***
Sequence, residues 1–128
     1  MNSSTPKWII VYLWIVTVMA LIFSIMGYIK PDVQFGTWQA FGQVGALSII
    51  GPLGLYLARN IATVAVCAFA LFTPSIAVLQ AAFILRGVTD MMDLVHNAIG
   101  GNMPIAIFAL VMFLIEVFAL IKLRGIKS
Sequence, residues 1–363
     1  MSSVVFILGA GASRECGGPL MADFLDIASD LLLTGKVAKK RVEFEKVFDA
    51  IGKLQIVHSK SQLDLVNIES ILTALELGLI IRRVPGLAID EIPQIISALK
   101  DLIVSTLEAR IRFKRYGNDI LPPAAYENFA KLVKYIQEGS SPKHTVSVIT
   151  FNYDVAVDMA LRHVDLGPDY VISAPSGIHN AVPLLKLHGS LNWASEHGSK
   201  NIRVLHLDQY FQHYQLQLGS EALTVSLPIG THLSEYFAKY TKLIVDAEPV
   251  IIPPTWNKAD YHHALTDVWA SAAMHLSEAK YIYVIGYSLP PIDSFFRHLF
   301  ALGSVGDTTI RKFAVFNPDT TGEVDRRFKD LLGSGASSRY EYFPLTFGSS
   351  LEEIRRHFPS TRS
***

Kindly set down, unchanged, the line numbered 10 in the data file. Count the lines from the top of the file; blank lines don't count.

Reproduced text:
   201  NIRVLHLDQY FQHYQLQLGS EALTVSLPIG THLSEYFAKY TKLIVDAEPV